Despite the gilded plastic facade the TA170AV has an excellent sounding and powerful amplifier section, with 8 discrete output transistors: Toshiba 2SA1301s and 2SC3280s (you can see 'em all in the interior photos on the right), identical to those used in some higher end gear I've seen. The MSRP in 1987 was a very reasonable $650.00 for a TOTL Marantz with massive amounts of power, remote control, left and right independent 5-Band EQs, early video switching and and pre-out/main-ins out in back. Certainly, a good value. And, despite all the skeptics, the TA170AV almost met its specs (video) more than 30 years later when my friend, Tom Ishimoto, a former Manager of Product Development for Marantz (and the electronics designer of the Marantz SR8100DC Receiver) benchtested it in 2008.

Those who have actaully heard a TA170AV in comparison to the more legendary Marantz receivers are also favorably impressed. No less an authority than Audiokarma's "SoCal Sam", who has owned every single one of the Great Stereo Receivers, including the Marantz 2600, had this to say in one of their forums: "I used to have the TA170AV which is from the same lineup as your TA100 set. Despite the cheapest plastic that would be suitable for product packaging, the 170 sounded great. For laughs, a buddy and I compared the TA170AV to the King Of The Hill 2600 receiver to see and hear how far Marantz had fallen. Soundwise, it turns out to be not much. The TA170AV has credible full range sound that hits far above the pedestrian looks." Sam has echoed similar sentiments elsewhere.

That "buddy" by the way was me. Sam had a sophisticated swtiching system at allowed us to swictch back and forth between the TA170AV, which Sam sold to me for $12, and the 2600 playing a Shelby Lynne CD on a TOTL Luxman CD on Yamaha NS1000 Berylium cone speakers. When asked which recevier sounded better, on certrain tracks, Sam frequently selected the TA170AV and acknolwedged there just wasn't much of an audible difference between the two!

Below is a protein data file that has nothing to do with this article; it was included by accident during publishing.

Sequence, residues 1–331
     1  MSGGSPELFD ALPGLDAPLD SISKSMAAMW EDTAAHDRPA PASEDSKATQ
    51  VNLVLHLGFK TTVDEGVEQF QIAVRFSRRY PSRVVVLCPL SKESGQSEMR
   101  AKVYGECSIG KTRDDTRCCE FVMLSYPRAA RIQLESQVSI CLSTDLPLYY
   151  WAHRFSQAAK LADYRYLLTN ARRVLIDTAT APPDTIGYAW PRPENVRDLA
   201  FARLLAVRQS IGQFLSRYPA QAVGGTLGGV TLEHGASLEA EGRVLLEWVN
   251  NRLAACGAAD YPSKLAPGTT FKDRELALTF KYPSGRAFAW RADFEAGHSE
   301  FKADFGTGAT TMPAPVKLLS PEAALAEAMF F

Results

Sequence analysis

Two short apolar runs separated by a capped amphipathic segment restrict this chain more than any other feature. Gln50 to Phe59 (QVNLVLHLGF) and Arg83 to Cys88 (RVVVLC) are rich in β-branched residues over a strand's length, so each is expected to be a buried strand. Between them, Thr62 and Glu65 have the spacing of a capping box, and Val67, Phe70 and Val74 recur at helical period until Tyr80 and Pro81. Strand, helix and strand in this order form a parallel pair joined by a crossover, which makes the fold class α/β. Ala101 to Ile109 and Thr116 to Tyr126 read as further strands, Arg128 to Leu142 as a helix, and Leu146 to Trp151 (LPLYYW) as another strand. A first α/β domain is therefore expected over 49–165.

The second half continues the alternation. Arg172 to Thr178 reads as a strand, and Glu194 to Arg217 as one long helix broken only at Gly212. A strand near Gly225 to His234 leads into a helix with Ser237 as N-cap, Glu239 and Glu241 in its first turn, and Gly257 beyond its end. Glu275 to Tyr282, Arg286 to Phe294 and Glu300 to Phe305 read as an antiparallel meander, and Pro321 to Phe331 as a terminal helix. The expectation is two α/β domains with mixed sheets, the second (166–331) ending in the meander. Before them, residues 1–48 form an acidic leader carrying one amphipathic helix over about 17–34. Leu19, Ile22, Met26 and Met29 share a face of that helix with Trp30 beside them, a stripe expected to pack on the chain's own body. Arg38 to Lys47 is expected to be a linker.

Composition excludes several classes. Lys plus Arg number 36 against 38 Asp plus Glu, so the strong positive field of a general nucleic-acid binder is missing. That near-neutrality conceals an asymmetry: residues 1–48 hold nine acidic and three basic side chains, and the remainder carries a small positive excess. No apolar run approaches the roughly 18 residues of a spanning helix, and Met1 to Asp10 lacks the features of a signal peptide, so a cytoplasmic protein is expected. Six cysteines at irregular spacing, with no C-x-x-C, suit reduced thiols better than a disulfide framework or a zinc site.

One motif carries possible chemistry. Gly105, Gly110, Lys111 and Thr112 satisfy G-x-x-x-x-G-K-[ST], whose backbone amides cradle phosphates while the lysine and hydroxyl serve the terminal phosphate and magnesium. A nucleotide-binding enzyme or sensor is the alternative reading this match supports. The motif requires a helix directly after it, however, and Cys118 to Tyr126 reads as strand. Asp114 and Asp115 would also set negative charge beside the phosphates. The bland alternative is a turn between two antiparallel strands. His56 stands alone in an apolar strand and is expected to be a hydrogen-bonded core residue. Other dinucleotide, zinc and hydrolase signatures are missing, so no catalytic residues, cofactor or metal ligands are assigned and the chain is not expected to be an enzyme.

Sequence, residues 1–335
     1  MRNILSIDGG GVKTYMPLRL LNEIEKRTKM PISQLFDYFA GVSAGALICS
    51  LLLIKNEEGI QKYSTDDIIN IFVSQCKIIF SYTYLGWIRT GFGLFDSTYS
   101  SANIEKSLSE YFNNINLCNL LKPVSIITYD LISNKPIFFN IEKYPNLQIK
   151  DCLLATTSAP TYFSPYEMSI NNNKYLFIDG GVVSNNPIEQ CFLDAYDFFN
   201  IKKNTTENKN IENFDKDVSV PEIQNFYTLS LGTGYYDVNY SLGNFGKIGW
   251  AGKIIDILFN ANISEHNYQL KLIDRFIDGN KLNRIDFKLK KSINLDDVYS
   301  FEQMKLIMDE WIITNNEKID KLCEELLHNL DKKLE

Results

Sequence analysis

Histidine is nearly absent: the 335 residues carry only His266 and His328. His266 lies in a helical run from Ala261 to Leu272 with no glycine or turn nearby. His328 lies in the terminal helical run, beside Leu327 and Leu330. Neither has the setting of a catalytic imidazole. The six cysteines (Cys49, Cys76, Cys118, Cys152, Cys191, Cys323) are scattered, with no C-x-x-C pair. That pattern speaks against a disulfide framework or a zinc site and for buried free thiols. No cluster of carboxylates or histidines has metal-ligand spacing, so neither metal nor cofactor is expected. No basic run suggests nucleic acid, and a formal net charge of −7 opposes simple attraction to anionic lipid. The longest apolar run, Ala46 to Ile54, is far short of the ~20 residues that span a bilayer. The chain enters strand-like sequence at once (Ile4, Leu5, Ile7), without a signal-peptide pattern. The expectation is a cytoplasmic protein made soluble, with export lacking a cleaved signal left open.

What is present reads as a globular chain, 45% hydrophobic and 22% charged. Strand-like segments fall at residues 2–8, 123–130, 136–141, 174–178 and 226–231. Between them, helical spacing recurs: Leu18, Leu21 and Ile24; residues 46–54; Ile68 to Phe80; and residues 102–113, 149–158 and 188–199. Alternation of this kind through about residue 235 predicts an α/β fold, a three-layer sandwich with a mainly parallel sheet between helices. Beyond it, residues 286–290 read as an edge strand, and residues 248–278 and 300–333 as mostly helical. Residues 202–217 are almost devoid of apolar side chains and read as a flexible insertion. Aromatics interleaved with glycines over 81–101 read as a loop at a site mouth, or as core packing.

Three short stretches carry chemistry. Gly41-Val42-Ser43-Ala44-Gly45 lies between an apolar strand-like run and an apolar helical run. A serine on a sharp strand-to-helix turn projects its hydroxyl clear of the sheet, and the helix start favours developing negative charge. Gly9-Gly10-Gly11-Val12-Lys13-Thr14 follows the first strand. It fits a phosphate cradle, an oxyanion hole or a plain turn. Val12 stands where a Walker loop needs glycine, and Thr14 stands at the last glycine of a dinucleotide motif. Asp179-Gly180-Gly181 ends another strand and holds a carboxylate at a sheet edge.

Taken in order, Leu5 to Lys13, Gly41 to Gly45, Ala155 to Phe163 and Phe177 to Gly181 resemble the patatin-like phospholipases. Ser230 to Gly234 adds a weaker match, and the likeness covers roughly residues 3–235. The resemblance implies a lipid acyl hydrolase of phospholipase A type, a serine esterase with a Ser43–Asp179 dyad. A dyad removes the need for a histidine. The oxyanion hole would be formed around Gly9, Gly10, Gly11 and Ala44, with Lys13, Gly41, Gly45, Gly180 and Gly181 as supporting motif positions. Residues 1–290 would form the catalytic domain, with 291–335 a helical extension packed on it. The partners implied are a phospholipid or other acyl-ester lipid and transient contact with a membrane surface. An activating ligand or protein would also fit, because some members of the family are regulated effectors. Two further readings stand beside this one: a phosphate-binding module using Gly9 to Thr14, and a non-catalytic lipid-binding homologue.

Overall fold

But this came as no suprise to me. As much as some people might snicker at the TA170AV, and its plastic-faced kindred, it was part of a product lineup that included such iconic pieces like the stunning 1986 PM94 Integrated Amplifier, with which it shared much of the same basic circuit design and audio technology.

Lastly, also of some interest, is that the TA170AV came out just before both Richard Jordan and John Ballantine went elsewhere in 1987 and Marantz hit "rock bottom" in the late 80's with the 1988 Marantz SR-3600, which wasn't even produced by Marantz! The SR-3600 clearly suffered without John's artistic sensibility.

As a collector, I like to have the related marketing materials for all my units. Mr. Jordan does not recall any brochures specifically for the TA170AV. The closest I have come is this brochure featuring the predecessor model from 1985, the TA150, which was slightly less powerful and did not have any of the AV features, but appears, otherwise, almost identical.

Kyocera R-861 (1986): 100x2 RMS


Kyocera's time in the audio ring didn't last very long, only about 4 years in the US, although their products were generally outstanding, including this TOTL MOS-FET Amp.-equipped Receiver. It first showed up in 1986 at a MSRP of $1,200.00 rated at 100 w/ch RMS.

The R-861 had all the most advanced features of the time including: MOS FETs in the driver stage of the amplifier, Toroidal Transformer, Freon Heat Pipe cooling and "dual mono" design. And, it also had the most comprehensive set of parametric tone controls of any Receiver ever. It was heavily based on the previous Cybernet R-851 and was remote controllable with the separate RC-101 controller. (The R-851 had originally started out as a Cybernet product, however, Kyocera then dissolved that brand and revised the R-851 so that it became the R-861.) More details about the R-861 are here. And a discussion about its virtues and vices at is here. And, here is a review of the R-851, since I haven't found any for the R-861.